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Singapore to increase taxes on wealthy residents

Country plans to raise levies on income, property and cars.
Marina bay is one of the most famous area in Singapore which has many landmark

Singapore is reportedly increasing taxes aimed at the city-state’s richest residents with levies on some incomes, property and cars, according to our sister publication, International Adviser.

This move is expected to eventually raise a combined S$600m ($447m) a year.

Increased personal income taxes for those earning more than S$500,000 a year will raise an additional S$170m, while new property taxes will net an extra S$380m and car levies will give the government another S$50m a year.

Lawrence Wong, Singapore finance minister, told parliament on 18 February 2022 that higher taxes on wealth generate revenue and “help to circulate a portion of the wealth stock back into our economy and in so doing help mitigate social inequalities”.

He added: “Wealth taxes are therefore needed to help build a fairer society where everyone can aspire to succeed regardless of their backgrounds.”


According to Bloomberg, residents with annual income of over S$320,000 currently pay 22% in tax.

From 2024 onwards, incomes between S$500,000 to S$1m will be taxed at 23% while those above S$1m a year will pay 24% in a move expected to affect the top 1.2% of personal taxpayers and raise S$170m.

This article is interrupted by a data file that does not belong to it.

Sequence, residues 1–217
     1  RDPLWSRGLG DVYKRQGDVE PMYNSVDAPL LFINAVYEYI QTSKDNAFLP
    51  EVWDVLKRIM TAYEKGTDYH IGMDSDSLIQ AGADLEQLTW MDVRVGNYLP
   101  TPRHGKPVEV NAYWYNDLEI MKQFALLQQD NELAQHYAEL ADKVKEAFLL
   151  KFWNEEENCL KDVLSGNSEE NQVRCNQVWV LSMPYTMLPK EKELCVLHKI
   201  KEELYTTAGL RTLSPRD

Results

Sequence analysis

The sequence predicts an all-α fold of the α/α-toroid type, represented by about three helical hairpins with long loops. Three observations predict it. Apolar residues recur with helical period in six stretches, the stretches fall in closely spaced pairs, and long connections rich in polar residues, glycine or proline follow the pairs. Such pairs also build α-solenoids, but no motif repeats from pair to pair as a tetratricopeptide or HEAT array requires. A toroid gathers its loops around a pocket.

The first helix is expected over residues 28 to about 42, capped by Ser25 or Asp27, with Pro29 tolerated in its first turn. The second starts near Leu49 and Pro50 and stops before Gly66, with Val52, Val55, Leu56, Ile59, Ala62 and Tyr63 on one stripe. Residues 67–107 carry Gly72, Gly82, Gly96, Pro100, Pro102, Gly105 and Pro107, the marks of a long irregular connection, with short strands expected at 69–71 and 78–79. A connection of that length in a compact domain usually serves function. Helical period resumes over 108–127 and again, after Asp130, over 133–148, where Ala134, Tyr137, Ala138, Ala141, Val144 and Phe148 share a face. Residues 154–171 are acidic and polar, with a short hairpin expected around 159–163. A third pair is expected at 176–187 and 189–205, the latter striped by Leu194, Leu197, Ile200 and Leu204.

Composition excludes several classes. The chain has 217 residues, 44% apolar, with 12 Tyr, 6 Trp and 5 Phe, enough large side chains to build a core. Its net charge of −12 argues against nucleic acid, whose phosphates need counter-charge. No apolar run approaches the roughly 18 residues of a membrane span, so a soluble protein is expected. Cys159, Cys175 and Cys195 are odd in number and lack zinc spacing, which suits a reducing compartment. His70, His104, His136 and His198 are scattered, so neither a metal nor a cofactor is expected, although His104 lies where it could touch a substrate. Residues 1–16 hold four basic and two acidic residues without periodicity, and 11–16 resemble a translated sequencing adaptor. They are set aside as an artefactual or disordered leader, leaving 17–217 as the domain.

Singapore, already one of the world’s most expensive places to drive a car, will further increase that cost. A new tier of tax on vehicles with a market value above S$80,000 is expected to raise S$50m in revenue a year.

But the bulk of the funds will come from taxing high-end properties. For owner-occupied residential properties, the tax for the portion of annual value in excess of S$30,000 will be increased to between 6% and 32% — from the current range of 4% to 16%.

For non-owner-occupied residential properties, the current tax rates of 10% and 20% will be increased to 12% to 36%.

Wong added: “Ideally we would want to tax the net wealth of individuals but such a tax is not easy to implement effectively.

“Many forms of wealth are mobile and as long as there are differences in wealth taxes across jurisdictions, such wealth can and will move.”

Part of the Mark Allen Group.